In the 1974 Stafford 200, while driving the Garbarino Mystic Missile #4, Ed had a huge crash. When it came to rest, the car was on its roof, which was crushed flat. After being helped out of the destroyed car, Ed went to the pits where he climbed into the Armstrong #1 Pinto, in which he intended to return to the race. Before he had got the car out of the pits, however, Ed felt sufficient pain in his back that he realized that he should get medical attention rather than immediately resume racing. Ed went to the hospital later that night, where he was told that he had broken his back in a way that usually resulted in the victim’s being paralyzed for life.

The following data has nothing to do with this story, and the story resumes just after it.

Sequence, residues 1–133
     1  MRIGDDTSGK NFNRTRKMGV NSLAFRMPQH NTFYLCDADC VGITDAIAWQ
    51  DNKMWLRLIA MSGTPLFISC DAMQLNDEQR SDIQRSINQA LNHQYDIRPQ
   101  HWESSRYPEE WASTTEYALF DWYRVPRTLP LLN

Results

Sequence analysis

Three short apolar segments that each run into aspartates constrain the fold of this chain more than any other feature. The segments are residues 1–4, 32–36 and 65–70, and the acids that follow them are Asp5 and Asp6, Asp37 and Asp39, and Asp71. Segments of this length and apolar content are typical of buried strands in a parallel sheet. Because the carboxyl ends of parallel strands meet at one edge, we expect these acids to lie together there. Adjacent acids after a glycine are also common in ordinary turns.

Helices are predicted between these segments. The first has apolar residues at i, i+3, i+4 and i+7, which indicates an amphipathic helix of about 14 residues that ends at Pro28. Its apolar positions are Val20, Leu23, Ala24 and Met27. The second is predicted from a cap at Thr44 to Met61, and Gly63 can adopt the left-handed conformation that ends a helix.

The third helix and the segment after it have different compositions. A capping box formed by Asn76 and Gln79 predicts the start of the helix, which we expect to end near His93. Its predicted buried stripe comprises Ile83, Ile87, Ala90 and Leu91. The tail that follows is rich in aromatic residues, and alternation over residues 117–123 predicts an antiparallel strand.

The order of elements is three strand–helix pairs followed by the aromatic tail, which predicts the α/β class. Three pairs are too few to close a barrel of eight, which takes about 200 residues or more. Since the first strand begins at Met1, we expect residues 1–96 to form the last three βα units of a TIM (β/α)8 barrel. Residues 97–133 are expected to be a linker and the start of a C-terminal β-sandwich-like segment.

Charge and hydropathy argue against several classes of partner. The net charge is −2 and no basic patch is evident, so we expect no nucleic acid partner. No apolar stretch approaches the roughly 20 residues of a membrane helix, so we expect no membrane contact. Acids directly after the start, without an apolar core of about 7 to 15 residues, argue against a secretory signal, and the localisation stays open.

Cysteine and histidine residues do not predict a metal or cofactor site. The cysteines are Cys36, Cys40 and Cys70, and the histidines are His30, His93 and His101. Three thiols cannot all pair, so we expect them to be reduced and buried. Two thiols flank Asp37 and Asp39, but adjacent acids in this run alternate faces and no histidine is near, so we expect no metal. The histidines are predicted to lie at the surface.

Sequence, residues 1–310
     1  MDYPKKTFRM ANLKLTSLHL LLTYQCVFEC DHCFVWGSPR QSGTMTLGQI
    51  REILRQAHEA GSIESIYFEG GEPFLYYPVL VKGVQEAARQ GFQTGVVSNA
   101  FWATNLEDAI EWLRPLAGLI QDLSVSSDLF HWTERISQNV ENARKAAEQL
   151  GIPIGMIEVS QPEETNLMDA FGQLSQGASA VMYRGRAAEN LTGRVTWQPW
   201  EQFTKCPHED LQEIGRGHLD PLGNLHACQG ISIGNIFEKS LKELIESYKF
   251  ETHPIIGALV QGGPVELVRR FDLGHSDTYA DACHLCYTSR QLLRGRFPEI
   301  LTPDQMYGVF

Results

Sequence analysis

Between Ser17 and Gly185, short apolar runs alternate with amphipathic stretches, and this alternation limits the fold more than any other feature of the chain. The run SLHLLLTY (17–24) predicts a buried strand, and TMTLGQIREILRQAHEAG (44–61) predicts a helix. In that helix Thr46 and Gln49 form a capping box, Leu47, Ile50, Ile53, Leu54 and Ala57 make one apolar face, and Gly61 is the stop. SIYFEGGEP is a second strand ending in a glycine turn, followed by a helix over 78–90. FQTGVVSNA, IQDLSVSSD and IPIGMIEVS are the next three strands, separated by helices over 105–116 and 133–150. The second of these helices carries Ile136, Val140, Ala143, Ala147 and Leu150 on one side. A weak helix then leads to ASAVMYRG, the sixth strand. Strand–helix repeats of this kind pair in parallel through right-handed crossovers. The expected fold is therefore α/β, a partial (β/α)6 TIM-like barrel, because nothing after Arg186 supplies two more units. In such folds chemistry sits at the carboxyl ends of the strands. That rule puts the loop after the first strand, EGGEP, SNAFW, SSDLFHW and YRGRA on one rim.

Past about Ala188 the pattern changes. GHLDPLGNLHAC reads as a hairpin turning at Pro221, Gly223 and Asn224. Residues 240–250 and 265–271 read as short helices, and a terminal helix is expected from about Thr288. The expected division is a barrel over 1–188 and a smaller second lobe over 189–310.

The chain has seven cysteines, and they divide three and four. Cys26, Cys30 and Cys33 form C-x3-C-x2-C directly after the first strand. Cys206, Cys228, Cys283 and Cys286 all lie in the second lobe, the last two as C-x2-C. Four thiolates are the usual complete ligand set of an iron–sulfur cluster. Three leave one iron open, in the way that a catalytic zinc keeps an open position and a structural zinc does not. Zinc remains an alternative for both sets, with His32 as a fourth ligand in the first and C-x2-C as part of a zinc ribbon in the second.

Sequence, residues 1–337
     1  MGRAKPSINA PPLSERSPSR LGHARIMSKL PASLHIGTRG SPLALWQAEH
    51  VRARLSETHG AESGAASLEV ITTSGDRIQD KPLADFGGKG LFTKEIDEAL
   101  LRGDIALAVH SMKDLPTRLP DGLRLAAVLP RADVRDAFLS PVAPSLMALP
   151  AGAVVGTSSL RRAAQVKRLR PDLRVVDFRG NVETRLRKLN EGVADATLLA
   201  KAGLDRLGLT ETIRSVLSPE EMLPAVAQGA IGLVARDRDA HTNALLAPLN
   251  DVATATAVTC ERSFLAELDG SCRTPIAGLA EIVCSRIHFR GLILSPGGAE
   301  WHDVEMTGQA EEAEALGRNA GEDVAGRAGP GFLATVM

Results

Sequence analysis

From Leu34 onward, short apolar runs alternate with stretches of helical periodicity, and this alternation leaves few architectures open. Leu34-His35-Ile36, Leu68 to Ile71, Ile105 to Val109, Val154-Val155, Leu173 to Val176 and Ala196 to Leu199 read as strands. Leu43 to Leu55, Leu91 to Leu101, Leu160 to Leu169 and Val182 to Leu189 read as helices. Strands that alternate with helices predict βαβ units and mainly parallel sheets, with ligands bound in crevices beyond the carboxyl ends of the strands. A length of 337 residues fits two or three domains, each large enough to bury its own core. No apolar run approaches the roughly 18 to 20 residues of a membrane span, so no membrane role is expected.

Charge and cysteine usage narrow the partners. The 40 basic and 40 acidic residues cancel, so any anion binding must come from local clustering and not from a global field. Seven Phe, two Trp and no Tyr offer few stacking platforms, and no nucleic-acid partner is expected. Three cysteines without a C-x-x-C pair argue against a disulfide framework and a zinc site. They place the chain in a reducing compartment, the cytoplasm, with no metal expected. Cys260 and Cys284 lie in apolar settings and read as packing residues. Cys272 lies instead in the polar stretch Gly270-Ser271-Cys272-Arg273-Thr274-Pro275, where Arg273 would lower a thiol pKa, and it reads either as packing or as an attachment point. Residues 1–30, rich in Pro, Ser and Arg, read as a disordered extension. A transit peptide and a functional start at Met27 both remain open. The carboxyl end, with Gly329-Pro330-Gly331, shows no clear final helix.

This was as close as Ed ever came to racing the Armstrong Pintos, which enjoyed a very big budget and, in Hop Harrington, one of the finest chief mechanics in the sport. One has to believe that if Ed, rather than Geoff Bodine and Ray Hendrick, had been the regular driver of the Armstrong Pintos, the combination would have been devastating. In this photo, from Racingthroughtime.com, Gene Bergin is at the wheel.